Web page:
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Taergan Flinn

knightnday's page

Pathfinder Roleplaying Game Subscriber. Pathfinder Society Member. 1,266 posts. 2 reviews. No lists. No wishlists.


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Sex is not the only thing that can occur. Romance, intrigue and so on are part of all this as well. What you may consider a no-no and a PROBLEM other people enjoy discussing or having in their games.

Throttle back on the rhetoric. There is no One True Way of playing or GMing.


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Kobold Cleaver wrote:

I confess that I cannot stand aasimars. I think they're the very definition of a Mary Sue race. It's somewhat telling, I think, that the only aasimar I've ever found interesting is an NPC who was driven to villainry by the "so perfect it's a curse" device. Good aasimars can exist, but it's entirely in spite of the race design. No joke, aasimars are my kender.

I don't like dhampirs either, but that's only because I've only ever seen them played as annoying broody Cullens. The elemental planetouched are pretty much just uninteresting to me—they don't feel like four distinct races, more like four subraces off of one actual species. I probably wouldn't mind them if the Bestiary 2 acknowledged this. They just aren't interesting enough to carry four separate statblocks.

Tieflings are okay. I don't love them, but I don't dislike them, either. There's nothing inherently bad about the race.

Oddly, I am just reversed on it. I intensely dislike Tieflings. I do agree about dhampirs and more so. I just feels like a way to let people play vampires without actually letting them play vampires. Meh.


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HWalsh wrote:
Rhedyn wrote:
I guess you are advocating that we should have all moved on from pathfinder by now.

Its not a matter of "moved on" Rhedyn - Roleplaying Games are not competitive MMOs where everyone should be concerned with "hitting their benchmarks" as it were.

RPGs are about a player playing a character.

If Ringlefoot the Halfling Rogue wants to drop a few skill points in Perform because his player rationalizes that he would have picked up some sweet dance moves, and maybe he should spend less points in Stealth even though that means less opportunities to use his sneak attack... He shouldn't be seen as a lump because he's not optimized.

Edit:

Note:
And I, as Ringlefoot's GM, am also obligated to take that into consideration and eventually have a space in the game where Ringlefoot's dancing experience comes into play.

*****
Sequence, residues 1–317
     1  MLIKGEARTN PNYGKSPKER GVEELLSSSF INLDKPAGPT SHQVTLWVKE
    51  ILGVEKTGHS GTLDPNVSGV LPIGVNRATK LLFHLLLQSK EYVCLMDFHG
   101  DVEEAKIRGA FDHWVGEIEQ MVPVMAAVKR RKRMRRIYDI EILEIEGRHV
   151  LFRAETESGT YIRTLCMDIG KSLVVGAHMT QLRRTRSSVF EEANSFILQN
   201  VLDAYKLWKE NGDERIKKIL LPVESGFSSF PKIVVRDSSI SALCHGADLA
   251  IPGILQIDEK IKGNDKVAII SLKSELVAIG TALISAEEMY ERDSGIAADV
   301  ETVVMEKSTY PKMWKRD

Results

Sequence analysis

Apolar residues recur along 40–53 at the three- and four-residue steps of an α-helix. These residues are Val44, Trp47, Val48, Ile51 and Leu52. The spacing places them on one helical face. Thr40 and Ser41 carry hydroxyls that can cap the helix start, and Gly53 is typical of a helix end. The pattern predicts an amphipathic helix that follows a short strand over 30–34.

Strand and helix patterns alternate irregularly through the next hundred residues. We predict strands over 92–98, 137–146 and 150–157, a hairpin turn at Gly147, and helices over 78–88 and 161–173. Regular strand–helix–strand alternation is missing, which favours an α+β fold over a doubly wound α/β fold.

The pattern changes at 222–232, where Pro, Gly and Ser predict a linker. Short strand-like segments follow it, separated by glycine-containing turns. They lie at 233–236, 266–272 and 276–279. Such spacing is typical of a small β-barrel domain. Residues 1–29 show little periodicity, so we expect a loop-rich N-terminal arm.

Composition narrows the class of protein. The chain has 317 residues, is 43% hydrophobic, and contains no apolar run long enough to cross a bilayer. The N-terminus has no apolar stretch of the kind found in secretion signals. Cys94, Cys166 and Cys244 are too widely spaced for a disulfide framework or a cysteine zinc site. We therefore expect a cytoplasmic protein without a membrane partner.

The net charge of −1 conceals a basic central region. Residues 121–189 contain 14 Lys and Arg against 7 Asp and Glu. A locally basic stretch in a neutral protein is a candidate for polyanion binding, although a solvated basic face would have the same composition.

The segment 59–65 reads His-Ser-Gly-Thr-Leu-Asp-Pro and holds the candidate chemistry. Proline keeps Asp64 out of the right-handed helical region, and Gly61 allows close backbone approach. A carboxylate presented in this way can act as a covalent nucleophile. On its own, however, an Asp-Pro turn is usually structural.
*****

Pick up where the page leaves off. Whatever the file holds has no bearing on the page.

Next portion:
That is part of what being a GM is about.

Please stop being on my side.


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Anzyr wrote:
FiddlersGreen wrote:
Last thing I want is for the rules to be determined by a vocal minority.
I personally believe the rules of anything should always be determined by a minority that is well versed in them. I'd rather have experts making rules then lay people. Allowing a majority to decide the rules of anything is nothing but mob rule.

I think that is what we've got now, a group of experts making rules. It's the other experts that disagree with them where the problem lies.


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Lord Mhoram wrote:

I like my version of the game.

I use a lot of Paizo material, but I probably use more 3PP material in my game, with some house rules. Paizo just happens to be the publisher I have the largest material from. The core game gives me a great base to work with to get things the way I like them. Things happen in the rules I don't like, I ignore. Errata happens I don't like I ignore. New book comes out with a class I don't like, I don't use it. To me, every rule including the Core rulebook is optional.

The game is my game - that is how I treat all RPGs. The rulebooks give me the tools and framework to run MY game. If it is "pure" pathfinder, or something unrecognizable aside from core mechanics and names to someone else makes no difference to me.

Gah! Get out of my head!

I had a response I was muddling through, but frankly this sums up a great deal of it. :)


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Chris Lambertz wrote:

To take this in a slightly different direction, I have some questions for you guys from purely a site structure/community team standpoint:

- Does having more accessible and visible introductions to our new design/development staff sound like something you want? (Either through our blog via tags or maybe our contact page?) Is there something we can do to the forums themselves to make employees more visible?

- How would you prefer to see new FAQs communicated to the community? Is that in the form of a blog series, or is it a series of threads?

- Knowing how we've handled errata up until now, what would you change? If it's a blog, what general information would you like to see us include?

- Let's assume the PRD is a blank slate and we can have any unicorn we want, how would you invision errata being notated here?

- Are versioned PDFs a thing you'd use and want?

- Polls have been mentioned here, and in the past we've done a *couple* playtest surveys. If we did have polls, what do you invision them being used for? What kind of content justifies a poll versus a feedback thread in your mind?